As someone who practices calisthenics, you should be aware that mobility is a vital component of bodyweight exercise. Some of the calisthenics staples like back bridges, pistol squats, and L-sits all demand a high degree of flexibility. In addition, less obvious exercises like handstands and pull-ups require mobility as well. This is where stretch exercises come in and while practicing the moves, it will help you improve your range of motion. Supplemental stretching can boost your calisthenics game to the next level. Stretching after working out is of utmost importance.
One clear thing is that we all want our workouts to be quick and effective and that is why compound exercises such as squats and push-ups are some of the tools to be used when assembling an effective workout.
There are a couple of reasons to be stretching after a working out:
- Flexibility is critical for many advanced calisthenics moves.
- It helps to prevent nasty chronic tensions by giving the muscles a signal to relax
- After an intense session, stretching after a workout is a perfect way of powering down the nervous system
You have a higher body temperature after a workout and this makes your muscles more flexible during stretching. It is a very bad idea to undergo extreme static stretching before an intense strength training session. This is bad as it can lead to injury rather than prevent it. After workouts, corrective mobility drills help you move around better. To get the best mobility after a workout, below are some stretches that you can do. Follow the seven in a row for two rounds and you will give your whole body a thorough stretch.
1. Forward Fold
This is a very common stretch for the lower back, calves, and hamstrings. If you have L-sits and pistols on your bucket list, this one is going to help you.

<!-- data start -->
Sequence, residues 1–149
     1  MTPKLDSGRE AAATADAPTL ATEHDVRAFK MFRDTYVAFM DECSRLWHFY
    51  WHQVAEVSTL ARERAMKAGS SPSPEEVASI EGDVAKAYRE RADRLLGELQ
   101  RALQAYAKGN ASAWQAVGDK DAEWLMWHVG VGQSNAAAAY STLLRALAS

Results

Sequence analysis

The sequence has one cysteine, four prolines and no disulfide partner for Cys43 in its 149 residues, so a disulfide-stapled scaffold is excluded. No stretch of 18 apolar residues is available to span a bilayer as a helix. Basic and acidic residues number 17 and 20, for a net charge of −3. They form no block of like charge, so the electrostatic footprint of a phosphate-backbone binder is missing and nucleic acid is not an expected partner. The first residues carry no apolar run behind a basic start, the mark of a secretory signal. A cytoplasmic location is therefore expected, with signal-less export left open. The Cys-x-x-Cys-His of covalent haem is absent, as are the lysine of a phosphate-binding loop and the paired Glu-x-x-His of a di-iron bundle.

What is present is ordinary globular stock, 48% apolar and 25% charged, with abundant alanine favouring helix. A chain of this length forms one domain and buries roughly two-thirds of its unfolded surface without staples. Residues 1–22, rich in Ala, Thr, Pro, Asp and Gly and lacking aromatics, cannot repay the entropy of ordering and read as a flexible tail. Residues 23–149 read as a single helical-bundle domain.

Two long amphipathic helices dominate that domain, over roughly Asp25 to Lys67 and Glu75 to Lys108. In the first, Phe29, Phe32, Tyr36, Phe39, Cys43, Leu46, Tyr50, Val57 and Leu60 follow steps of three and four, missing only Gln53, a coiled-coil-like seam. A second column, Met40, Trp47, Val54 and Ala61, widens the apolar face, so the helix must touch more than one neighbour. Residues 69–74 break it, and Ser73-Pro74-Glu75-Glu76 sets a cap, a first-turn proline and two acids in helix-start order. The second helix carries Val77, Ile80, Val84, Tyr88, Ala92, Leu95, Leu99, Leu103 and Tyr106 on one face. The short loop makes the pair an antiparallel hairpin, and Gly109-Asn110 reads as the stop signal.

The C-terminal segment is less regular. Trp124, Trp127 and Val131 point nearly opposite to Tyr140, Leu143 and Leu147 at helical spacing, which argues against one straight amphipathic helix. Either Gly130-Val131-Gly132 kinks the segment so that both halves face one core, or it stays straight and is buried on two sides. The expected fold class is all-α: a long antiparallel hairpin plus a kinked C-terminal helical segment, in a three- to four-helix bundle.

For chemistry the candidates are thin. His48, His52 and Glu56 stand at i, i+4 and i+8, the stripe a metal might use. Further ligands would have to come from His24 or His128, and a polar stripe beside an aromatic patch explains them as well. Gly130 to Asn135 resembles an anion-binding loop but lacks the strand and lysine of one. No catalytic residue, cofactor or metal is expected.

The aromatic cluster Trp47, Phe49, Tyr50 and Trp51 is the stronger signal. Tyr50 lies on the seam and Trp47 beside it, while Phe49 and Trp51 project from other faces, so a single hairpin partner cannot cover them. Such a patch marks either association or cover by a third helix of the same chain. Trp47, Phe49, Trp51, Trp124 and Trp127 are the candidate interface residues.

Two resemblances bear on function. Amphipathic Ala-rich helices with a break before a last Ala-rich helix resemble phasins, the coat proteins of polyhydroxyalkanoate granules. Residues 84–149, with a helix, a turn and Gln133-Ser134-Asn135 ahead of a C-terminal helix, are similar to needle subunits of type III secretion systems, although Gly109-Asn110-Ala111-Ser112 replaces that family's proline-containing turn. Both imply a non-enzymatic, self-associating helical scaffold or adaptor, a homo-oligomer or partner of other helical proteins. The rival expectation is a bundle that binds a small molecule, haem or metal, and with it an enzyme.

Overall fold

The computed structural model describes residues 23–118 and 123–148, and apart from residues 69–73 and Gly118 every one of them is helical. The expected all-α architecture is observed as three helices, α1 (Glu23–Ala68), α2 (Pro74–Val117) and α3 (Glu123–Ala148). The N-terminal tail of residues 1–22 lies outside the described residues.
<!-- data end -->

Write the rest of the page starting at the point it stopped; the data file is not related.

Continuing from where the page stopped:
From a standing position, allow your big toes to touch each other and the legs are locked out at the knees. Lower your torso, try to pull your chest forward first and do not forget to engage your abs while doing this. Now try to grab your ankles. You may not be able to do this if you are stiff but you may minimally bend at the knees. Now, try to lower your head until it touches the knees.
Eagle is a classic yoga pose, which primarily stretches your deltoids, which is especially neat for learning the elbow lever.
To do this, fold one leg over the other while in a standing position. Hinge at your hips and use your arms to be in a balanced position. Start folding your arms over each other when you have found a stable balance point. It doesn’t matter which one goes over and which goes under; what matters most is that when you switch sides, you should be able to do it with both your legs and your arms. Now, try to touch the palm of the other hand with the hand of the arm that goes under. To deepen the stretch, you can fold your hands into each other. Focus on what is in front of you and keep a straight back.
This offers lots of good stuff – it stretches your hamstrings, obliques, inner thighs, and chest. It also helps to twist your spine a little; it won’t affect you anyway.